Our guide to house price growth vs commute cost

Our guide to house price growth vs commute cost

If you’re up to speed with the latest property news, then you’ll be aware of how rapidly house prices are increasing in certain areas, driven by an imbalance between demand and supply of available housing.

According to figures from the Royal Institution of Chartered Surveyors, at the end of 2015, the average national property price was £290,000 – some £20,000 higher than the year before.

Several locations are witnessing high property demand, and consequent high price rises, many of which are in the ever-widening commuter belt.

Property portal Zoopla has revealed that in some cases, a property may have witnessed such a high price rise, that it's able to pay for its owner's annual rail season ticket in just seven days.

Solihull in the Midlands tops the list – across 2015 house prices here increased by almost 11% to an average of £341,000, which equates to an increase of £95 each day.

With the average annual commute cost from Solihull to Birmingham costing around £655, this means that homeowners would have paid off their annual rail fare in just a week's worth of house price rises.

Those living in South-East commuter-belt areas would also be able to offset their commuter costs quickly as house prices in this region have also performed strongly.

Surbiton, an area not far away from Kingston-Upon-Thames, was near the top of the table.

Homeowners travelling from Surbiton to London would be able to pay off their annual rail fare in just 11 days, according to Zoopla.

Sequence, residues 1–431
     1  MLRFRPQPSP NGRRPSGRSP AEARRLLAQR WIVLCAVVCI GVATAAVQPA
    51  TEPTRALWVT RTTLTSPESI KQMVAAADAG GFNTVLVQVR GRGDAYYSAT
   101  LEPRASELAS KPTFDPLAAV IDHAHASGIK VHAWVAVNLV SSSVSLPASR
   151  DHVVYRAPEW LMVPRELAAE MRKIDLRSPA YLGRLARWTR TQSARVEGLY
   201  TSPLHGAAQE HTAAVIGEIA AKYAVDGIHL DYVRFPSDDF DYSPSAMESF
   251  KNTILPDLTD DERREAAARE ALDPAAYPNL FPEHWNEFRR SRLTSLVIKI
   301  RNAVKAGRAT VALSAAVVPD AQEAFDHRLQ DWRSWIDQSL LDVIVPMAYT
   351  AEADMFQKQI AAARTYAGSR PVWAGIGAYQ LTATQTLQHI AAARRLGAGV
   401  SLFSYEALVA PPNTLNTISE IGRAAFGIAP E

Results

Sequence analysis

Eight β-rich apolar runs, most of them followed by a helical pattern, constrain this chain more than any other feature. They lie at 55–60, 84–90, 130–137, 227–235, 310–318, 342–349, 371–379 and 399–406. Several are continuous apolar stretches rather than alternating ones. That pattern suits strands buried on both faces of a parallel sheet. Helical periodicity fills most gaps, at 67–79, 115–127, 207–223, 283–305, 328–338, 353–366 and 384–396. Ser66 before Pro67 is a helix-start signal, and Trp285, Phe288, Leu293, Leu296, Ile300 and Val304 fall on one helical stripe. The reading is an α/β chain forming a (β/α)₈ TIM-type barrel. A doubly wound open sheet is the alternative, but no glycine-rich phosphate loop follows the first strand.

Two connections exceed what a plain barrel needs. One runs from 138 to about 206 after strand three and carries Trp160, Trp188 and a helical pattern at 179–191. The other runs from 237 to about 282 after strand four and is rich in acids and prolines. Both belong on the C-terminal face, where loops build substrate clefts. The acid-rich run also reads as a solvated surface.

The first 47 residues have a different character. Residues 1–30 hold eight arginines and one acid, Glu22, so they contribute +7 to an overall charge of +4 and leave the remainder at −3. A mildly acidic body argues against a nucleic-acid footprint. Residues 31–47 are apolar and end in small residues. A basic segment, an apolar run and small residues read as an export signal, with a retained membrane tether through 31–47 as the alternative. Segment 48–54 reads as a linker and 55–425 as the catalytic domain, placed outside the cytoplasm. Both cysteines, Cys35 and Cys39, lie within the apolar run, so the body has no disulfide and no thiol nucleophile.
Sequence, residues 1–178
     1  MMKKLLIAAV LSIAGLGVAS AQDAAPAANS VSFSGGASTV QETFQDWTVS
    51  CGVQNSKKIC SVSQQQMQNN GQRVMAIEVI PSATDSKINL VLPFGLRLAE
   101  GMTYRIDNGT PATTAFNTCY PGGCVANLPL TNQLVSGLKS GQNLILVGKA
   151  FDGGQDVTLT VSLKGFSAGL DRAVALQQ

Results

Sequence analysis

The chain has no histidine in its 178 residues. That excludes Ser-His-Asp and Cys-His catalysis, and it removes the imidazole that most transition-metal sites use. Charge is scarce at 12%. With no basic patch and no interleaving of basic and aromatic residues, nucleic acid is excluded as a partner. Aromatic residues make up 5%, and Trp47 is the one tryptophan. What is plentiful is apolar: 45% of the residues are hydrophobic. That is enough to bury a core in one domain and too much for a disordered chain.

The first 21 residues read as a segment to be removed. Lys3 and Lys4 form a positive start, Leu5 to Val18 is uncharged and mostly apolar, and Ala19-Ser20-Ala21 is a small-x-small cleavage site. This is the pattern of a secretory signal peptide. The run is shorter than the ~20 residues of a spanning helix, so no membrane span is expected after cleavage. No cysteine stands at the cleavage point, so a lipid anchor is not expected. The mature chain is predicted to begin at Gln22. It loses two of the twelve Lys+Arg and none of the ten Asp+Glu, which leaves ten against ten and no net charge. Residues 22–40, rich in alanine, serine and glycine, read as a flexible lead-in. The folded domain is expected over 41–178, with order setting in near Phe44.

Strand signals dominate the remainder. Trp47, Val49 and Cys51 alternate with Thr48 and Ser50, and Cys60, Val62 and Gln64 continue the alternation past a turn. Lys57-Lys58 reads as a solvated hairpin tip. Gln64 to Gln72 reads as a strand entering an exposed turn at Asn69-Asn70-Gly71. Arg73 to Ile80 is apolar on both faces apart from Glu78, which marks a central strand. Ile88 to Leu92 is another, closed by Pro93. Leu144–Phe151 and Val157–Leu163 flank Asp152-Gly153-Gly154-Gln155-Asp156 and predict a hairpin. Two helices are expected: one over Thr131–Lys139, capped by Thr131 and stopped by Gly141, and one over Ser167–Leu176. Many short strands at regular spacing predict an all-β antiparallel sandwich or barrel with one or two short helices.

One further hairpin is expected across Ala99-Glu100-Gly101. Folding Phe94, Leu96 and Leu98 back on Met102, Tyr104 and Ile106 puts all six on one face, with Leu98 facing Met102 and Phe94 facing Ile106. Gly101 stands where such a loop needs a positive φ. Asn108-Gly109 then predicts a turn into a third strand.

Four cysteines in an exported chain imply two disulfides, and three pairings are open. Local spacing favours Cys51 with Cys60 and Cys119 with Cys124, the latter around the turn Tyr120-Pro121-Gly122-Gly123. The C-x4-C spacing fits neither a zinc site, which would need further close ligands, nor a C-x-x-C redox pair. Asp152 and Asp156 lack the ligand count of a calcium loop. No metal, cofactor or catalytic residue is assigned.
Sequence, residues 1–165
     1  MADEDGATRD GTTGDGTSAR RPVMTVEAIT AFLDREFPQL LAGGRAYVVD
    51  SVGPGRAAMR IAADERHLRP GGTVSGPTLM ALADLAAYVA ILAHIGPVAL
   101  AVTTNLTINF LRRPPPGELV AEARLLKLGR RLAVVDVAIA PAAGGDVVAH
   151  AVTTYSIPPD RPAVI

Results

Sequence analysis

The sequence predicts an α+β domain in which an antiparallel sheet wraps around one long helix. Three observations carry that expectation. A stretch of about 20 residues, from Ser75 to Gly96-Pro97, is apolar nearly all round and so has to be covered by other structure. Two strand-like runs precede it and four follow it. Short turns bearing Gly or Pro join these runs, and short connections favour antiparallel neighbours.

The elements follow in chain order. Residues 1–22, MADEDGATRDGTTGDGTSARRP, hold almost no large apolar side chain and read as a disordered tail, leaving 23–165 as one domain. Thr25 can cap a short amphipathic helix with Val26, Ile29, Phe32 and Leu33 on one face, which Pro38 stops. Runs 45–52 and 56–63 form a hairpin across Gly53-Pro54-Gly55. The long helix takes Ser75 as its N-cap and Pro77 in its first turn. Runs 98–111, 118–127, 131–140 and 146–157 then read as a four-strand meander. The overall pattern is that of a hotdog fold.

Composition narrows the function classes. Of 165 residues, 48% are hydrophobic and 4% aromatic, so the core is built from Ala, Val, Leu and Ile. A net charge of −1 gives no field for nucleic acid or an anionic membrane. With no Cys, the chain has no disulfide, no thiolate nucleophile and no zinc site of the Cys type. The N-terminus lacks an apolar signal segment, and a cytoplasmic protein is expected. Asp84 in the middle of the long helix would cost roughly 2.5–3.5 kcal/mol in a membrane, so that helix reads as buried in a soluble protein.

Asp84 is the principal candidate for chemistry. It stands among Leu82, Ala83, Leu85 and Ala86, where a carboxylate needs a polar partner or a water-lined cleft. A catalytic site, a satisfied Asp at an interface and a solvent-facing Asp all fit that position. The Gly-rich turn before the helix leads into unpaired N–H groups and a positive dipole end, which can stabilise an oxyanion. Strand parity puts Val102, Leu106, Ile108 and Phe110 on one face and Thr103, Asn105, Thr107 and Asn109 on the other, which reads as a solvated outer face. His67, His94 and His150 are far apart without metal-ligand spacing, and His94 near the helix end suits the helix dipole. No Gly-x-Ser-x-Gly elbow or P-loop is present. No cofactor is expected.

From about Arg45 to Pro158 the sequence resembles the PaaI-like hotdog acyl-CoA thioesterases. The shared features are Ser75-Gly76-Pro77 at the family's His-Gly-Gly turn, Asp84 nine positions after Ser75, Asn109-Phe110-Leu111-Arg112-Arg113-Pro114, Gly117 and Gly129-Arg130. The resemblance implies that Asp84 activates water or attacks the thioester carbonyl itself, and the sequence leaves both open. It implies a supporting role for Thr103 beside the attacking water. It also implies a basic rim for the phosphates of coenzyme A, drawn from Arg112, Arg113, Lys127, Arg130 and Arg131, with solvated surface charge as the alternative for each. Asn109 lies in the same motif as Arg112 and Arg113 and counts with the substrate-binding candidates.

Surbiton has become a particularly popular location for young professionals to settle as it is just a 20 minute commute from the capital; yet property here is much more affordable than in Central London locations.

House prices also increased rapidly in Epsom during 2015. This leafy Surrey area is only a 40 minute commute into the capital, and although rail fares are set to increase by at least 1% in 2016, the report suggests house price growth will cover the average owner's annual commute into the capital in just 17 days.

Looking further north, it seems it will take a little longer for property owners to earn back their commuting costs in terms of house price growth.

The report suggests that in Dunfermline owners who commute to Edinburgh will need to work 155 days – over five months – before the rising cost of their property will pay off the annual commuting costs.

Meanwhile, those travelling from Falkirk to Edinburgh will have to work slightly less – 144 days – to pay off commute costs.

These findings demonstrate just how much property values have been increasing in commuter areas; great news for those considering selling property in these locations.

What's more, house price growth in commuter areas in the south is set to intensify further with the introduction of Crossrail in 2019. And, over the next decade, High Speed 2 – known widely as HS2 – will have a positive impact on house prices in a number of commuter locations up and down the country.

Ultimately, whether you’re considering buying or selling property, location clearly remains an all-important factor and can make a massive difference to the eventual sale price of a home.